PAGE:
Big Ten First Impressions: Purdue Very Much a Title Contender; Indiana, Not So Much…

Posted by Tommy Lemoine on November 17th, 2017

With a full week of Big Ten basketball already under our belts, let’s assess some of the strongest first impressions from around the league — for better or worse.

Issac Haas and the Boilermakers have looked excellent in the earlygoing. (AP)

  • It’s not a “hot take” to suggest Purdue can win the league. Michigan State was the unanimous pick to win the Big Ten this season, and for good reason — the Spartans are loaded, and Miles Bridges might be the best player in college hoops. But Purdue is also very good, and early returns suggest it may have been seriously undervalued in the preseason polls. After scoring 1.38 and 1.42 points per possessions against SIU-Edwardsville and Chicago State, respectively, last week, the Boilermakers handled Marquette in Milwaukee on Wednesday night, 86-71, as part of the Gavitt Tip-Off Games. The most impressive aspect of the win wasn’t so much the 15-point margin as it was Purdue’s ability to shrug off the Golden Eagles’ patented three-point surges, time and again answering the home team’s offensive spurts with flawless execution of its own. Matt Painter’s group was especially great in the half-court, working much of its offense through center Isaac Haas; the senior finished with 22 points in 20 minutes, using a whopping 44 percent of the possessions while he was on the floor. What’s more, the emergence of 7’3″ Dutch freshman Matt Haarms — who is averaging 19 minutes, nine points, and nearly three blocks per game — suggest that Painter has someone who can consistently (and productively) spell Haas when he sits. The scariest part? Purdue’s usually-excellent three-point shooting was lackluster against Marquette (4-of-12 3FG). Instead, the Boilers thrived on key defensive stops (like this Carsen Edwards’ chase-down block) and outstanding interior ball movement. On nights when Vincent Edwards, Carsen Edwards, Dakota Mathias and PJ Thompson make it rain from the perimeter — like they did in the team’s first two games (combined 19-of-36 3FG) — Purdue will be nearly impossible to beat. Experienced, balanced, and offensively dominant when Haas plays like he did on Wednesday, Purdue has all the pieces to compete neck and neck with Michigan State in the Big Ten this season.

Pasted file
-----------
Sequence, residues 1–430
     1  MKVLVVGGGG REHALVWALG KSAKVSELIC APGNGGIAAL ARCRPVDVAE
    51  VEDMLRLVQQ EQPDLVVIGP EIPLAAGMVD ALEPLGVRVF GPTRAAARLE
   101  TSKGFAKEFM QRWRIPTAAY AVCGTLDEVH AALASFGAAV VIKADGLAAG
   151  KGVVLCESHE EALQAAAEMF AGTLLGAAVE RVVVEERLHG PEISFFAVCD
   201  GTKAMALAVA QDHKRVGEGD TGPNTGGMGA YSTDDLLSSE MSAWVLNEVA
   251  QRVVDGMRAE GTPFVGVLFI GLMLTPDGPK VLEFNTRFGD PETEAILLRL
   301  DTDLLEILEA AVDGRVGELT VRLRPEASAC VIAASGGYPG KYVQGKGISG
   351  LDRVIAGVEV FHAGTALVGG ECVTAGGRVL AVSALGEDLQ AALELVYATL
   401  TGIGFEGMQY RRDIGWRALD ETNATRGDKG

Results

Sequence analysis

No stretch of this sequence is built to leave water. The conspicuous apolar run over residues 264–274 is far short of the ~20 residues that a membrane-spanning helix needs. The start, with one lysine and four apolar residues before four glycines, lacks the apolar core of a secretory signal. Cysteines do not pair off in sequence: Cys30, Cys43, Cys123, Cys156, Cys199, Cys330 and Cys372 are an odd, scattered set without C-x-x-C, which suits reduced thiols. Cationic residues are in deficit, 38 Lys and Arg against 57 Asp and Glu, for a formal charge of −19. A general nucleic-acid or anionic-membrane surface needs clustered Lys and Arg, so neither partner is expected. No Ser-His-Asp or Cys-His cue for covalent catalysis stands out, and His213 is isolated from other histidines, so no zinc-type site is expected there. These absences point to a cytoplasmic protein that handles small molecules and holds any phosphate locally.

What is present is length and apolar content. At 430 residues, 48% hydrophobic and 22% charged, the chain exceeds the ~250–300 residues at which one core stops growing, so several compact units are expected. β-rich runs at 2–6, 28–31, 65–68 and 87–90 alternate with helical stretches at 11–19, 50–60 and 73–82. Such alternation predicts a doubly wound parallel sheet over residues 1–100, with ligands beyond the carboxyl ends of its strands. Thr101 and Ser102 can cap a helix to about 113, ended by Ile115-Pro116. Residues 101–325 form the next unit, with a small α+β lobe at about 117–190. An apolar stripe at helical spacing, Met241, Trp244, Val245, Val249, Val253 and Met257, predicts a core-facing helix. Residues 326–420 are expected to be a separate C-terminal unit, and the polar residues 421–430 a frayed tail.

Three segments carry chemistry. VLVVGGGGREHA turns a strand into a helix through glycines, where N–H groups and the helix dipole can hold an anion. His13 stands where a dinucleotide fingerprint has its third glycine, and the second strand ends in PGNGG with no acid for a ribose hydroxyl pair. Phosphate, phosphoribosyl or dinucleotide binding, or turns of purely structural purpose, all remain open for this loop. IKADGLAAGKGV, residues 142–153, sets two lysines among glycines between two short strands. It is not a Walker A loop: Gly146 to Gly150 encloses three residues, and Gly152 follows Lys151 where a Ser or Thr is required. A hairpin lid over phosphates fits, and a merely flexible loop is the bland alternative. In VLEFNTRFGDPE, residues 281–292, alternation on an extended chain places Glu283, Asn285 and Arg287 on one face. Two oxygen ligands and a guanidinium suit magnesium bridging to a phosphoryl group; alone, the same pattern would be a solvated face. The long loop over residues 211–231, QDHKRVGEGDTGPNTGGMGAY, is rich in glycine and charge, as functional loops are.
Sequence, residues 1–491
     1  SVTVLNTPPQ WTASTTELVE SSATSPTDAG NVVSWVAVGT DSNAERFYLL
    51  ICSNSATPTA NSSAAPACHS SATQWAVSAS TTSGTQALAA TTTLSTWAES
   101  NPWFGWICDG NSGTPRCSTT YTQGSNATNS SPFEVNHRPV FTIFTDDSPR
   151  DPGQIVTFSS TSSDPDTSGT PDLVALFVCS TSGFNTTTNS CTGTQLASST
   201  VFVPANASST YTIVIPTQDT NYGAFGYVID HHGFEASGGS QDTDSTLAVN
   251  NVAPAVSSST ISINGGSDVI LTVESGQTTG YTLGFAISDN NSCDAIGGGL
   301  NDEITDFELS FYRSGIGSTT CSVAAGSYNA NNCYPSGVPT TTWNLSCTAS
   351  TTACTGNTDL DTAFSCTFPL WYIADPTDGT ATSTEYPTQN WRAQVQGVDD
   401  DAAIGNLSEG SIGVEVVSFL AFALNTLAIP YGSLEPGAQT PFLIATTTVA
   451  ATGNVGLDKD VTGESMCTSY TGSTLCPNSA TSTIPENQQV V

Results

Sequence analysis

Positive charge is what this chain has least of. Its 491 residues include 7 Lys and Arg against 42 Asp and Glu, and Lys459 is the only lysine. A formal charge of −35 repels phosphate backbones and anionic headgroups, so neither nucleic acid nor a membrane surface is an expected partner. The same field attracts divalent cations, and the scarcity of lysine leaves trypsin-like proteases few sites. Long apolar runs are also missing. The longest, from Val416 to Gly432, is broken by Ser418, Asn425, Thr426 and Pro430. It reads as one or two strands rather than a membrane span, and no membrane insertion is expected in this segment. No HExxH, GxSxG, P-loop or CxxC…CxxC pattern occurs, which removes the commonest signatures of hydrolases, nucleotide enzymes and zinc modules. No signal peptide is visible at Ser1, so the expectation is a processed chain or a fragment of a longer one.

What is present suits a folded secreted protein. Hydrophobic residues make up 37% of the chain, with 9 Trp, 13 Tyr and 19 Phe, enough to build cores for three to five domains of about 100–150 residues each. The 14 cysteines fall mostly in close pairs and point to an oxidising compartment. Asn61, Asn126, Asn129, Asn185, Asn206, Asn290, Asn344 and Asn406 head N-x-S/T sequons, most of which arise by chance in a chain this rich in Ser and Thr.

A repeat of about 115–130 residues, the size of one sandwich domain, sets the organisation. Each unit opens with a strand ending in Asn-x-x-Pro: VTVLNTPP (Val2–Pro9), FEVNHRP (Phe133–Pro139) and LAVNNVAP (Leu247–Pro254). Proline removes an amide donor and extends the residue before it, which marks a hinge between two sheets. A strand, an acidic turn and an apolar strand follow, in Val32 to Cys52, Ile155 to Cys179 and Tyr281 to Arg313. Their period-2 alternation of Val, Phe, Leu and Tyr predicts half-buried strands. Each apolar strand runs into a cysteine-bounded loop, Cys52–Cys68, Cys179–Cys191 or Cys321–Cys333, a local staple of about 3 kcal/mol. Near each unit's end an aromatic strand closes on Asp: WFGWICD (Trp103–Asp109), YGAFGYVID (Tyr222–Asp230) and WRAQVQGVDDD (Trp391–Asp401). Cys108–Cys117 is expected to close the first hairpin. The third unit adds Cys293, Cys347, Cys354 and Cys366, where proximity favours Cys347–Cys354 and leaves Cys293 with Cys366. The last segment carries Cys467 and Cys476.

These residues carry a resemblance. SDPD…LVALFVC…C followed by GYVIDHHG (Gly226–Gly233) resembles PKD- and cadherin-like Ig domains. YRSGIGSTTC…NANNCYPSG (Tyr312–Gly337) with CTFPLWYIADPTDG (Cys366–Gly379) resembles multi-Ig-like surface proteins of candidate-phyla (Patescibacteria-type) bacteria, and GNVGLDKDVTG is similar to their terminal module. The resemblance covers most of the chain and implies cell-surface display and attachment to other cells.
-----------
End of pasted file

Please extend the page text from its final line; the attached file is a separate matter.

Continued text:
• Anthony Cowan Jr. looks like the man in College Park. Melo Trimble’s impact will never be forgotten at Maryland, but Anthony Cowan Jr. is certainly doing his best make sure Terps’ fans don’t dwell in the past. Through three games, the sophomore is averaging 18.7 points, 8.3 rebounds, 3.0 assists, and 1.7 steals per night, including a dynamic performance against Butler on Wednesday night. Cowan did seemingly everything in the win, scoring 25 points on 12-of-15 shooting, dishing out five assists, and coming up with Russell Westbrook-esque rebound after Russell Westbrook-esque rebound in the game’s closing minutes. With Kevin Huerter (10.7 PPG) and preseason all-Big Ten pick Justin Jackson also at his disposal, head coach Mark Turgeon doesn’t need to worry about finding a do-it-all replacement for Trimble. And yet — if the first few games are any indication — he may have found one anyway.

Jordan Murphy has been the catalyst for Minnesota’s hot start. (AP Photo/Jim Mone)

  • Jordan Murphy is taking Minnesota’s offense to new heights. Minnesota’s calling card last season was its defense, which held Big Ten opponents to a conference-low 46.5 percent effective field goal percentage. The offense, while much improved from 2015-16, was middling. Through three games this year, though, the Gophers have been outright dominant on that end of the floor, scoring over 1.12 points per possession, including a 1.16 PPP effort in their road victory at Providence on Monday. The most obvious explanation for the uptick in production? Power forward Jordan Murphy and his monstrous performances. After averaging 11 points and eight rebounds as a freshman and sophomore, the Texas native is off to a brilliant start this season, using his strength and quickness to run circles around opposing big men. Through one week, Murphy is averaging 25.3 points and 13.3 rebounds per contest, looking less like a secondary option to Nate Mason or Amir Coffey and more like the focal point. Even if (or when) his numbers come back to earth, Murphy’s emergence should give Minnesota fans reason to believe this team can match — or even exceed — its preseason hype.
  • Indiana has a long way to go. Entering the year, Indiana hadn’t given up more than 1.20 points per possession against a regular season non-Big Ten opponent since being walloped by Duke in the 2015 ACC/Big Ten Challenge. One week into the season, the Hoosiers have already conceded more than 1.20 PPP twice, including an embarrassing 90-69 home loss to Indiana State on opening night. Archie Miller preached defense during the summer, and it’s the one area where Indiana fans expected to see clear improvement this season. And while they still might, early struggles against the Sycamores, Seton Hall and Howard suggest it might take more than a few ugly results — and perhaps an ugly record — before Miller’s groundwork takes hold. 
Tommy Lemoine (221 Posts)


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One response to “Big Ten First Impressions: Purdue Very Much a Title Contender; Indiana, Not So Much…”

  1. Tony Davison says:

    Minnesota looks like they’re for real and Jordan Murphy is a beast. Could give Bridges a run for B1G POY if he can keep up his work so far, though there is a LONG way to go.

    Watched IU against SHU and yeah, they are trash.

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